Collection<Object> hits = new ArrayList<Object>( input.size() );
  // Holder for our misses, which we'll pass on to the original target
  Collection<Object> misses = implClass.newInstance();
  for( Object in: input ) {
    // Search cache for each element; nulls always miss
    ValueWrapper wrapper = null;
    // Put found value in "hits", else put missed key in "misses"
    if( in != null ) {
      Serializable key = generateKey( keyPrefix, in );
      wrapper = cache.get( key );
      if( wrapper == null ) {
        misses.add( in );
      } else {
        hits.add( wrapper.get() );
      }
    } else {
      misses.add( in );
    }
  }

  // Pass our cache misses to original target
  Collection<Object> results = Collections.<Object>emptyList();
  if( misses.size() > 0 ) {
    results = cast( (List<?>)pjp.proceed( new Object[] { misses } ));
  }

  // Cache results
  for( Object value: results ) {
    // Pull key from explicit field
    Object suffix = PropertyAccessorFactory.forBeanPropertyAccess( value )
                    .getPropertyValue( keyField );
    if( suffix != null ) {
      Serializable key=generateKey( keyPrefix, suffix );
      cache.put( key, value );
    }
    // Merge new values into result collection
    hits.add( value );
  }
  return hits;
}


Ordered Operation

Ordered mapping is more difficult. We use the previously defined HOLDER object to mark placeholders in the output List where we will put the results of cache misses from the target method.

private List<?> cacheOrdered( ProceedingJoinPoint pjp, Cache cache, 
                              String keyPrefix, Class<List<Object>> implClass,
                              List<?> input ) throws Throwable
{
  // Holder for intermediary results
  List<Object> hits = new ArrayList<Object>( input.size() );
  // Holder for our misses, which we'll pass on to the original target method
  List<Object> misses = implClass.newInstance();
  for( int i=0; i<input.size(); i++ ) {
    // Search cache for each element; nulls always miss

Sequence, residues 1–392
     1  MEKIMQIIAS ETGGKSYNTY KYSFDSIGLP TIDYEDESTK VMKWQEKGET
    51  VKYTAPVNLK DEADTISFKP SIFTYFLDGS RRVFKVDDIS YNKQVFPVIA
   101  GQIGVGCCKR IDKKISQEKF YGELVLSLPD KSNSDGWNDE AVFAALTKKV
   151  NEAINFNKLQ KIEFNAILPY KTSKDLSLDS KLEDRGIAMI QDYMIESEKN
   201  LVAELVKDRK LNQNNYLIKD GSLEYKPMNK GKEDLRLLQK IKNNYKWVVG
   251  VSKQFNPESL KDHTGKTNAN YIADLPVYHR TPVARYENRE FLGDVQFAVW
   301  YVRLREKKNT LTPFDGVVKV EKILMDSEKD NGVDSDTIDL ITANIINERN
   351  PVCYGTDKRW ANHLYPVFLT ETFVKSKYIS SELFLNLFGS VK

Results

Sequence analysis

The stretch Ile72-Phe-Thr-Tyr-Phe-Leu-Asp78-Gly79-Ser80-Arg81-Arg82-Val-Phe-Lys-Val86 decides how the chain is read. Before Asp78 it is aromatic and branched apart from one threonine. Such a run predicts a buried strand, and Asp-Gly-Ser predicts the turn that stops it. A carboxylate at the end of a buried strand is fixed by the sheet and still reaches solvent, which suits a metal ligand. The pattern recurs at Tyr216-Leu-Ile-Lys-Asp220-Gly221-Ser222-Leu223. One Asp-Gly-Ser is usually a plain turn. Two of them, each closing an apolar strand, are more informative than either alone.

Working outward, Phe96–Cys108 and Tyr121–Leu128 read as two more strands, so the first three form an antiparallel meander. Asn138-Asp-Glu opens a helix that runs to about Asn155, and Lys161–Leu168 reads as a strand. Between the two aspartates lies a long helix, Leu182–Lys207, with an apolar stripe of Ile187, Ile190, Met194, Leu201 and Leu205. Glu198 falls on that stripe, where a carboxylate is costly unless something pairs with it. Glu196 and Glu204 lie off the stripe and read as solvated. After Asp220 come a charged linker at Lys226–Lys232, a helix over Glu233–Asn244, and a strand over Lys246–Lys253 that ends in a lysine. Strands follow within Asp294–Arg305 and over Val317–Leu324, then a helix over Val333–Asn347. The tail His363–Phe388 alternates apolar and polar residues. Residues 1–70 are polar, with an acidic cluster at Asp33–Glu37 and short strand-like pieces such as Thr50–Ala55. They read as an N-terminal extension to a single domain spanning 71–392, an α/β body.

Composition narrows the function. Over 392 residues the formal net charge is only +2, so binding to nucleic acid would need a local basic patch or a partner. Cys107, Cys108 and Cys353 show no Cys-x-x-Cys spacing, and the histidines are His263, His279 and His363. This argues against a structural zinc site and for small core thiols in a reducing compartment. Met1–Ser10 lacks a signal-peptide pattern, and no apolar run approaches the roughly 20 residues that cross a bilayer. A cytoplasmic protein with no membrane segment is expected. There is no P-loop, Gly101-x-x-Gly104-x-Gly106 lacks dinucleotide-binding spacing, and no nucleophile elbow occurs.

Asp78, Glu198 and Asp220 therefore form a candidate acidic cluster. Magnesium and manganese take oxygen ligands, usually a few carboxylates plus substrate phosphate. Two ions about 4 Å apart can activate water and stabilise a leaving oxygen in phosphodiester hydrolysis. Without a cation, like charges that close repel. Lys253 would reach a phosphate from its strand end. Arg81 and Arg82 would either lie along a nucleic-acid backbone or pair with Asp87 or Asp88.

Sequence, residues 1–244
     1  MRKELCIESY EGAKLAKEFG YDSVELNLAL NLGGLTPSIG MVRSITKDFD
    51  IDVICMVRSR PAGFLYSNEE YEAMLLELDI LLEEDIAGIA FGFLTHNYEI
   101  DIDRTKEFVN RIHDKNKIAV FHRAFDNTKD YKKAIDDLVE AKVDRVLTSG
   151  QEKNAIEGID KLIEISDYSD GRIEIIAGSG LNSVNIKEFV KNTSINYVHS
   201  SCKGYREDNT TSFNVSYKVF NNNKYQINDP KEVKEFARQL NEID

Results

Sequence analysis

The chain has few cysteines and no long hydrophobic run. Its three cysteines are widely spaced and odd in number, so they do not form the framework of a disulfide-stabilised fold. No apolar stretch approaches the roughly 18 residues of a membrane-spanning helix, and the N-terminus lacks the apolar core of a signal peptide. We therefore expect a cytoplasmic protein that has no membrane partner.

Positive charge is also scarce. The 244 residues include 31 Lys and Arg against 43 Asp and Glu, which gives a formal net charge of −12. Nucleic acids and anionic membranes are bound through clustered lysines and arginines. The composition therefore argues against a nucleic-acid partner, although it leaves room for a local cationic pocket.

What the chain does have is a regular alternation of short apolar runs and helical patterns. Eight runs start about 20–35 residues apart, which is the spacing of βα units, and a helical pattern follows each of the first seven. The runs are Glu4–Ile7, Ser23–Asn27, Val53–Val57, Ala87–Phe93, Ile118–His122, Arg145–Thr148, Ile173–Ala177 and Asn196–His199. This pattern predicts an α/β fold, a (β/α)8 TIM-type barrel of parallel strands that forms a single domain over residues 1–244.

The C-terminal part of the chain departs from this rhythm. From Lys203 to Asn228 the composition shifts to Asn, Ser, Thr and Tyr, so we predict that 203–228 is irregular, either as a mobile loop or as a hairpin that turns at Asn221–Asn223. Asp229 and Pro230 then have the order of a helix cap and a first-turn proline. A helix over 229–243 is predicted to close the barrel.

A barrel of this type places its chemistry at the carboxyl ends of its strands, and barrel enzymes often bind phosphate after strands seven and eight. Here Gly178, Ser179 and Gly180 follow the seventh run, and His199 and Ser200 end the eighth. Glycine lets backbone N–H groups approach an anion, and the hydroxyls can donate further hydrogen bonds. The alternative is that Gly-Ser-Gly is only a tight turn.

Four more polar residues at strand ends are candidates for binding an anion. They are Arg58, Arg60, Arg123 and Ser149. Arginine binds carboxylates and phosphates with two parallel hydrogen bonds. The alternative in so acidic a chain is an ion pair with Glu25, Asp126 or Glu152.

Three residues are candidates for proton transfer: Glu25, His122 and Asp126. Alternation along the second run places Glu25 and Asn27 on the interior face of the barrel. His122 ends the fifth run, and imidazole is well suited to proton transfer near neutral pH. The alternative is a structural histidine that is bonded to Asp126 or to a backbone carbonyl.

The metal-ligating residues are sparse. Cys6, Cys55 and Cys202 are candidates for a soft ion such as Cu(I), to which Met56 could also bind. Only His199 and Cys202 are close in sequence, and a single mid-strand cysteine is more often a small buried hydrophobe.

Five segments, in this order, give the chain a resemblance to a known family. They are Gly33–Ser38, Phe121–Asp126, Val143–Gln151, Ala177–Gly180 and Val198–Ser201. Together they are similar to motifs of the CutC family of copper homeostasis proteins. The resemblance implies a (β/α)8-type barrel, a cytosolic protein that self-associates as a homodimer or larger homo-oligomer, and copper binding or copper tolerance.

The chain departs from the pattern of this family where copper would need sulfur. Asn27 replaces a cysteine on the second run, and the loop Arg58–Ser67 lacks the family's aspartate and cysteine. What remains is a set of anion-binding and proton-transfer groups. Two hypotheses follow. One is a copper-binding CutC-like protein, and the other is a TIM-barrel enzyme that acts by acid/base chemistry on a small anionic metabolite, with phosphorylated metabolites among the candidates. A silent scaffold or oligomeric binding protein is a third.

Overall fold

ValueWrapper wrapper = null;
    Object in = input.get( i );
    if( in != null ) {
      // Check cache for this object
      Serializable key = generateKey( keyPrefix, in );
      wrapper = cache.get( key );
    }
    if( wrapper == null ) {
      // If element is not found, put HOLDER Object and load the 'misses' list
      hits.add( HOLDER );
      misses.add( in );
    } else {
      // If element is found, then add cached value to intermediary results
      hits.add( wrapper.get() );
    }
  }

  // Pass our cache misses to original target
  List<Object> results = Collections.<Object>emptyList();
  if( misses.size() > 0 ) {
    results = cast( (List<?>)pjp.proceed( new Object[] { misses } ));
  }

  if( results.size() != misses.size() ) {
    // If our result size does not match input size, we cannot cache new values
    // as we do not know the associated key.  Just merge the lists and return.
    for( Object h: hits ) {
      if( h != HOLDER ) {
        results.add( h );
      }
    }
    return results;

  } else {
    // We'll reuse this list for our output
    misses.clear();
    // Iterate intermediary results
    Iterator<?> iter = results.iterator();
    for( int i=0; i<hits.size(); i++ ) {
      Object h = hits.get( i );
      if( h == HOLDER ) {
        if( iter.hasNext() ) {
          // Each place-holder will have its actual value in the results list
          // at the same location (ie. Nth HOLDER is in results[N]
          Object value = iter.next();
          misses.add( value );
          // Cache new non-null values
          if( input.get( i ) != null ) {
            Serializable key=generateKey( keyPrefix, input.get( i ));
            cache.put( key, value );
          }
        }
      } else {
        // This was a cache hit earlier so just use it
        misses.add( h );
      }
    }
  }
  return misses;
}

Cache Evictions

Evictions is just a simpler application of the above concepts.